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Most companies have one chief executive officer. The notion of having five CEOs for a company seems preposterous, a recipe for disaster. But at sister companies MOBI Wireless Management and Bluefish Wireless Management, the CEOs – all five of them – would insist the conventional wisdom is wrong.

On, writer Minda Zetlin reports that the five founders of the wireless companies each oversee a different area: IT, marketing, sales, operations, and finance. In a traditional company, they would all head functions and report to a single CEO. But here they have control over their own area operationally, and come together collectively to make strategic decisions. Five happens to be a handy number should they be divided on those wider corporate issues.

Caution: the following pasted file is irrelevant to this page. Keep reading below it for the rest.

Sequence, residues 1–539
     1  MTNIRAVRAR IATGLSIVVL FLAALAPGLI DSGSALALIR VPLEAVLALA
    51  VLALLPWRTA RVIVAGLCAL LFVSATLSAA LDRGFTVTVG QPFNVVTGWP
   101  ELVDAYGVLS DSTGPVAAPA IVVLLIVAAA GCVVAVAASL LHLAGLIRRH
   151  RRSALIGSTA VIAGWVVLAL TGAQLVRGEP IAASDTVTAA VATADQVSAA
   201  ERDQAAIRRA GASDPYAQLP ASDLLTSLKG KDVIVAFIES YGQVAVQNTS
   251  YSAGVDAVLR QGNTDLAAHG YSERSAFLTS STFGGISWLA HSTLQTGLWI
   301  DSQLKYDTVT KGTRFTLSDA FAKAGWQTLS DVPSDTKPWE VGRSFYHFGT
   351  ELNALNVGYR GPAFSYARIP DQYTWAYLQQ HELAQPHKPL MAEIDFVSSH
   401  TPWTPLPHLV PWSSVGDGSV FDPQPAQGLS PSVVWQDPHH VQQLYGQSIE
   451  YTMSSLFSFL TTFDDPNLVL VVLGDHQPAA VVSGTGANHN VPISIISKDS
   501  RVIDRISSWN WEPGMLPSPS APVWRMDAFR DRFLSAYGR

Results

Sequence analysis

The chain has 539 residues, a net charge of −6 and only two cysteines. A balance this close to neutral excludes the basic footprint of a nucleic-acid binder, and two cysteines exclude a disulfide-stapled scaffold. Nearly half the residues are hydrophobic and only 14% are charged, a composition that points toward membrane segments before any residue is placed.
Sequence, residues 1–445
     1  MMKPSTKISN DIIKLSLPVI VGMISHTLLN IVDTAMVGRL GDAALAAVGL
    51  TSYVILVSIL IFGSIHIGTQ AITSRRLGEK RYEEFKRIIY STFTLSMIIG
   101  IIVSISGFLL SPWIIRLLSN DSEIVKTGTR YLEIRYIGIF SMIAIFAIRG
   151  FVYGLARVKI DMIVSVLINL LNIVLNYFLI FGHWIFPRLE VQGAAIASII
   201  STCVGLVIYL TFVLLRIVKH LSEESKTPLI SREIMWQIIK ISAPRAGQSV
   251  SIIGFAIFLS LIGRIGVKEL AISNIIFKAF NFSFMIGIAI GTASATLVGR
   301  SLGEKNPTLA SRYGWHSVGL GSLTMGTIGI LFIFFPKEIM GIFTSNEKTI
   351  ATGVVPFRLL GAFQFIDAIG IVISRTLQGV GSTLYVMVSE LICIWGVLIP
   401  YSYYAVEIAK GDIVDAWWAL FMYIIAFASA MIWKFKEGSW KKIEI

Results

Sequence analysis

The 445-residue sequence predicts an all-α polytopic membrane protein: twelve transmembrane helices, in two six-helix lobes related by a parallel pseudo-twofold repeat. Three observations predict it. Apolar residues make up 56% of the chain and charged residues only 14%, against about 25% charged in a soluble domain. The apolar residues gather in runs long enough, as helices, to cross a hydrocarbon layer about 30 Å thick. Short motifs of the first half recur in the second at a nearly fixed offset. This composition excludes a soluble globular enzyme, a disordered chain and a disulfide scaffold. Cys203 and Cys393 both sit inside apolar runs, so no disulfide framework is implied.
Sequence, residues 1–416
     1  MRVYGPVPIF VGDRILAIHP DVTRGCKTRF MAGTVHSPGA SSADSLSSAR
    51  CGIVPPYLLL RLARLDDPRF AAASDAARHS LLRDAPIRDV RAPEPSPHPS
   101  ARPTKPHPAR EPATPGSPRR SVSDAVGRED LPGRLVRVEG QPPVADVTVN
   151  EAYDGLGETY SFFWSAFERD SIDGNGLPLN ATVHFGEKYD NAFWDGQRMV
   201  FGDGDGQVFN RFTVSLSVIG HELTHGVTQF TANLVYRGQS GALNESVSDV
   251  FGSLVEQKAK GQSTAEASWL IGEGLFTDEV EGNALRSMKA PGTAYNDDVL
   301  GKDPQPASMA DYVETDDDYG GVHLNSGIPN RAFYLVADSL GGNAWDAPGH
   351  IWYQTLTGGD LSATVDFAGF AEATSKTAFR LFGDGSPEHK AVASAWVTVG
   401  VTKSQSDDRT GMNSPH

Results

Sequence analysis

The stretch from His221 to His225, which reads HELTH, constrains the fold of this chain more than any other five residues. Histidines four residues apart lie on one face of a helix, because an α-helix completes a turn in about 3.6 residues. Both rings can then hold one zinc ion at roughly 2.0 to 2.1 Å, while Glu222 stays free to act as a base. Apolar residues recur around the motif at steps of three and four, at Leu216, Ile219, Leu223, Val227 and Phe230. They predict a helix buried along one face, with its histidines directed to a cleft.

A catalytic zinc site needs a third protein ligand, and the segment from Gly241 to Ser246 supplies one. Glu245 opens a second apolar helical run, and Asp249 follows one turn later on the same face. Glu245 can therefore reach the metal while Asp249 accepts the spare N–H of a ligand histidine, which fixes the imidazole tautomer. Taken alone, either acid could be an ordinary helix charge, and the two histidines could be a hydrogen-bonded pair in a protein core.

It also helps externally. Everyone likes talking to the big boss, and here each can tell their contacts they are talking to a founder-CEO. "I was having an informal dinner with a potential client in Nashville the other day, and about five minutes into it they asked who my boss was," Josh Garrett told Inc.. "When they learned I was one of the owners and CEOs, it shifted the whole dynamic of the evening. They were much more willing to share information. The meeting the next day went great, and they may wind up being one of our biggest customers."

Internally, employees also feel better when they take an idea to a boss who happens to be CEO. "If there were only one CEO, it would be much harder for them to get in to see that person," said Mr. Garrett.

Special to The Globe and Mail

Harvey Schachter is a Battersea, Ont.-based writer specializing in management issues. He writes Monday Morning Manager and management book reviews for the print edition of Report on Business and an online work-life column Balance. E-mail Harvey Schachter

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